The Global Goals World Cup in NYC Was a Win for Gender Equality
Celebs and amateur soccer players representing 48 organizations took one for the SDG team.
Heavy rain didn’t stop 48 organizations from playing soccer in the Global Goals World Cup Tuesday.
The game must go on, even in the middle of the United Nations General Assembly — and especially in the name of ending poverty and establishing equality.
“How do we grow when we play for the world?” Rikke Ronholt, the CEO of EIR Soccer and co-founder of Global Goals World Cup, asked the bleachers full of spectators over a broadcasting headset.
Positive energy fueled the competition in the room. Giddy female team players of all ages, representing organizations like Women Deliver and the United Nations Development Programme, filled a corporate office-turned-soccer field overlooking New York City in the middle of the day. Each team pledged to represent one of the UN’s Sustainable Development Goals (SDGs), ranging from climate action to gender equality. They sported festive, colorful costumes and wore decorative leis over statement jerseys with pride. Some participants were former professional athletes, while others had zero experience but stepped up and joined teams short on players.
Judges used four tiers of points to measure each team’s performance — most goals scored, most supportive crowd, original team style, and best action for Global Goals. Each team decided how to support their goal leading up to the event and were encouraged to think big, either by trying to start their own movement, or petitioning community leaders. The team to accumulate the most points would walk away with a globe trophy custom-made by artist Olafur Eliasson. The real prize would be knowing they put in the the most effort to achieve the SDGs.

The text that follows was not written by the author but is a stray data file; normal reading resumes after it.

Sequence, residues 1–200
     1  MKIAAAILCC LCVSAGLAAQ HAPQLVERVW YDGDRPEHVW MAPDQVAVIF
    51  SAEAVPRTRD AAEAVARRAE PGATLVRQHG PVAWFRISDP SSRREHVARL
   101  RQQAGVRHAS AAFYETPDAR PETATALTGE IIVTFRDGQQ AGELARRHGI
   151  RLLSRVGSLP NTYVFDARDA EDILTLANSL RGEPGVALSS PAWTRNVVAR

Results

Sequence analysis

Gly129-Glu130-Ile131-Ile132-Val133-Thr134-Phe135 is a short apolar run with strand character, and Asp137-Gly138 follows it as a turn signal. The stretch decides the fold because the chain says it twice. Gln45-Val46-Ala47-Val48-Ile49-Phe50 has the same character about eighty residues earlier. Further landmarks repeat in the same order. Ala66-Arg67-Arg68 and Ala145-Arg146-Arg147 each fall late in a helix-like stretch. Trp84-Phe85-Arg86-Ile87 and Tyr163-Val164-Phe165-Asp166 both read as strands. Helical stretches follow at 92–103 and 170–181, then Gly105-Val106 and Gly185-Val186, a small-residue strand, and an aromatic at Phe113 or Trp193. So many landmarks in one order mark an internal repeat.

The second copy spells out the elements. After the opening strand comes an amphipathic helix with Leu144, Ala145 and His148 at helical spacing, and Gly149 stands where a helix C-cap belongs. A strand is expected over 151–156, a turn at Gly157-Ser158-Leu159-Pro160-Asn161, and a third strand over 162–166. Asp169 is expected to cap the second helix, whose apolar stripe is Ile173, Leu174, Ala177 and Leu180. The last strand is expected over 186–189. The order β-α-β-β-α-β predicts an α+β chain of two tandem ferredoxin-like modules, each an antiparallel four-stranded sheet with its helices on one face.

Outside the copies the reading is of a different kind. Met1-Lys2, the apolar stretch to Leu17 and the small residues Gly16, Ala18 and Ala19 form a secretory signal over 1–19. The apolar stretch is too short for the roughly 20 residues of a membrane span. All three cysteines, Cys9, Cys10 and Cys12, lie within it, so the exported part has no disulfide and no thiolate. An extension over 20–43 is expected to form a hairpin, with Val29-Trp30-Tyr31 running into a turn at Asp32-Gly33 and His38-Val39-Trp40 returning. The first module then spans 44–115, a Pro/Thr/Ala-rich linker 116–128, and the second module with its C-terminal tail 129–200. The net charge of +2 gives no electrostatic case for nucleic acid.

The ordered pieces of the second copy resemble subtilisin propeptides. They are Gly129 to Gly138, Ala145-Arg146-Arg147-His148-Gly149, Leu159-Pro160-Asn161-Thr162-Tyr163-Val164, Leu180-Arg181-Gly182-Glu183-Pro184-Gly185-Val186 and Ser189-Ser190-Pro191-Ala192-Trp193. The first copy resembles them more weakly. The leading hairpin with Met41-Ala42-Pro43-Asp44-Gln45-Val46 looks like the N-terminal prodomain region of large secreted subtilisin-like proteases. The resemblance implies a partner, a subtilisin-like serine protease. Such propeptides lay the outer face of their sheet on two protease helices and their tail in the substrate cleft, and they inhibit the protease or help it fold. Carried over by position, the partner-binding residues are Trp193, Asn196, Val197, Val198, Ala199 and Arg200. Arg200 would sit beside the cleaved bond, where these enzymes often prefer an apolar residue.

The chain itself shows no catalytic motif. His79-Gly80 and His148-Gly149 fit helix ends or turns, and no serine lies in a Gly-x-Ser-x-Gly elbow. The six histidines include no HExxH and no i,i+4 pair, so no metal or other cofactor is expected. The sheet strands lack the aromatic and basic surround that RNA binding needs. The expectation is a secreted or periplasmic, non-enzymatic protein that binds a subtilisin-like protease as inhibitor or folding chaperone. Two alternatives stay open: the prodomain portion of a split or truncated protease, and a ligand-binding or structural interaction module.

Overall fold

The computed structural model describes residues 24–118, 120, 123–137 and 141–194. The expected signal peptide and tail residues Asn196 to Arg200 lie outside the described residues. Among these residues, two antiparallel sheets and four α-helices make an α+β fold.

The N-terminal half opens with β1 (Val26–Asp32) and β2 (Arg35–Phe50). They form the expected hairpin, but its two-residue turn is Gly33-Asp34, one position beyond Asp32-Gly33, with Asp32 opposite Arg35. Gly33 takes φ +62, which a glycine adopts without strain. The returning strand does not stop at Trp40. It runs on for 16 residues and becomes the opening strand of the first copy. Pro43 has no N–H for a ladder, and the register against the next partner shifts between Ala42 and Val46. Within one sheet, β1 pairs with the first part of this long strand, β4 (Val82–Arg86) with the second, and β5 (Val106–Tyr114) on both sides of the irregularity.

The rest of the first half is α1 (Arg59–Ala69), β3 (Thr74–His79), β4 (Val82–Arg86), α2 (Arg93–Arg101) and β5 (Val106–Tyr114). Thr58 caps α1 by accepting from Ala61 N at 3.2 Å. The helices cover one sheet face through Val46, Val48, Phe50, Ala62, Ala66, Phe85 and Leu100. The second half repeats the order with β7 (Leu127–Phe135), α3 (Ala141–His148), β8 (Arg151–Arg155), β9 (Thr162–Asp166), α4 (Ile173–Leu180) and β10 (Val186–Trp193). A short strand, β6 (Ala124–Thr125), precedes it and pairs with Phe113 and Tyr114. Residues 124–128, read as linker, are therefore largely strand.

Ronholt first teamed up with Majken Gilmartin in 2015 to organize a women’s soccer tournament in the spirit of putting gender equality and the Global Goals on the radar in Denmark. The event, which first kicked off in Copenhagen, has continued in cities around the world, including Nirobi, Bangkok, and more. The Global Goals World Cup will make its next stop in Johannesburg on Oct. 13.
Danish actor and Game of Thrones star Nikolaj Coster-Waldau, a supporter of the event since it first launched, threw on his sweats to play cool dad and volunteer as referee. The actor, known to fight publically against climate change, spent the day kicking around a soccer ball printed with all 17 Global Goals with his daughters.
Women make up half of the world’s population but have only 30% of governance representation. Their participation is critical to the success of the #GlobalGoals. I again brought my daughters to the #GGWCup this year, so they can see all these remarkable women - scientists, activists, CEOs, policymakers - playing #Sport4SDGs. Sport unites people around the world, and I hope that so will the #SDGs. @undp
Artist Lilibeth Cuenca Rasmussen opened the event with a performance art piece centered around how everyday clothing materials affect the environment, from denim to silk.
“What are we wearing on our body? You have to think about all the choices you make,” Rasmussen shouted into the microphone.
The sound of cheering fans could be heard throughout the day while musicians and speakers took the stage in a room next door. Female Quotient, a female-owned business committed to advancing equality in the workplace, set up a candy bar in their girls lounge with a tongue-and-cheek sign marking snacks $1 for men and 80 cents for women—a play on the gender pay gap in the US.
“It’s very inspiring to be around women who are advocating in a very strong and powerful way,” Adel Jackson-Gibson, a member of the Equality League team, said to Global Citizen.